In normal circumstances, Outlook 2010 will display a blue number in parentheses to the right of a folder when there are unread items in that folder. This is beneficial if you want to know how many items in a folder have not yet been viewed. However, some people might manage their emails differently and prefer to know how many messages are in the folder instead. Fortunately it is possible to show the total number of items in an Outlook 2010 folder instead of only the unread items. This is a setting found on the Properties menu of each folder in Outlook 2010, where you can also find some additional settings that could improve your experience with Outlook 2010.
Show Number of Folder Items in Outlook 2010
If you are trying to keep your Outlook 2010 account as clean as possible, then the number of unread items in your folders might not be a major concern to you. Minimizing the total number of messages in an Outlook folder will help to keep your Outlook profile size as small as possible, thereby improving the performance of the program and making it easier to transfer your PST file to a new computer, or create a backup file.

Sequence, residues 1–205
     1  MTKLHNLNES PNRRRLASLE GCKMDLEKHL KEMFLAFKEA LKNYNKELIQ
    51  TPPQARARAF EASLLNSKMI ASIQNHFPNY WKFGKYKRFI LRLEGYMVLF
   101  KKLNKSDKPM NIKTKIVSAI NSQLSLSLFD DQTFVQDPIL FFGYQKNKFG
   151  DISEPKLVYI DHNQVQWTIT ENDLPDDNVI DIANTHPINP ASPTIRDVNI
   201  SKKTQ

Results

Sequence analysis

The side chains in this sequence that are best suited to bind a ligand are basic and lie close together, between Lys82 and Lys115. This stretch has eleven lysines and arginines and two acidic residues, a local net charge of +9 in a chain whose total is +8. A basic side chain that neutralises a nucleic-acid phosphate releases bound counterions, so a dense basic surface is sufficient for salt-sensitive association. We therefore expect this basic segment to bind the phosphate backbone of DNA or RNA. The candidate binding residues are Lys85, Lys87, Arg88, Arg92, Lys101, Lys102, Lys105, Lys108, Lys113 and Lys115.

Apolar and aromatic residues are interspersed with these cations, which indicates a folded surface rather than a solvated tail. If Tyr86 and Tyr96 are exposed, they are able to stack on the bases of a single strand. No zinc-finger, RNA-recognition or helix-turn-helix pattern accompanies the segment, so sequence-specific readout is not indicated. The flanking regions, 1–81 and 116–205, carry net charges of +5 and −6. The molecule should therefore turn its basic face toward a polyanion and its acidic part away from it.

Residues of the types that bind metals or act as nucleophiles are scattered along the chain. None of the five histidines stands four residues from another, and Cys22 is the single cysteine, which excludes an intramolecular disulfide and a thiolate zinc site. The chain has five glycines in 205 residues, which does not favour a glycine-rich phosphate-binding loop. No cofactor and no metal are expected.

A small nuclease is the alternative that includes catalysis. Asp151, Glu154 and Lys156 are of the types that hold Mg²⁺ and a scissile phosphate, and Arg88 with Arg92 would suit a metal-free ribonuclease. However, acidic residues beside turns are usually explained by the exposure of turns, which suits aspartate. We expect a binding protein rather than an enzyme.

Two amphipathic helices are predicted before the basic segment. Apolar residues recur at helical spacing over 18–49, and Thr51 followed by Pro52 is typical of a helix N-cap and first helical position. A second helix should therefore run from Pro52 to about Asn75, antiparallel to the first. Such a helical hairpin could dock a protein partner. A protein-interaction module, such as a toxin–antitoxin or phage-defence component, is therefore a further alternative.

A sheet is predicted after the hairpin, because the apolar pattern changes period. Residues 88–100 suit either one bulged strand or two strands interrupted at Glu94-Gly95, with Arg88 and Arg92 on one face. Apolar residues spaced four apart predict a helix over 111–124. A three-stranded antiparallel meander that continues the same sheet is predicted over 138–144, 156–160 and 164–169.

Step 1: Launch Outlook 2010.
Step 2: Choose the folder from the column at the left side of the window for which you want to show the total number of items.
Step 3: Right-click the folder, then click the Properties option at the bottom of the menu.
Step 4: Click the button to the left of Show Total Number of Items.
Step 5: Click the Apply button at the bottom of the window, then click the OK button.
The folder you just modified should now have a green number in parentheses to the right of it. You can also repeat these steps for each additional folder for which you want to change the display settings.
Matthew Burleigh has been writing tech tutorials since 2008. His writing has appeared on dozens of different websites and been read over 50 million times.
After receiving his Bachelor’s and Master’s degrees in Computer Science he spent several years working in IT management for small businesses. However, he now works full time writing content online and creating websites.
His main writing topics include iPhones, Microsoft Office, Google Apps, Android, and Photoshop, but he has also written about many other tech topics as well.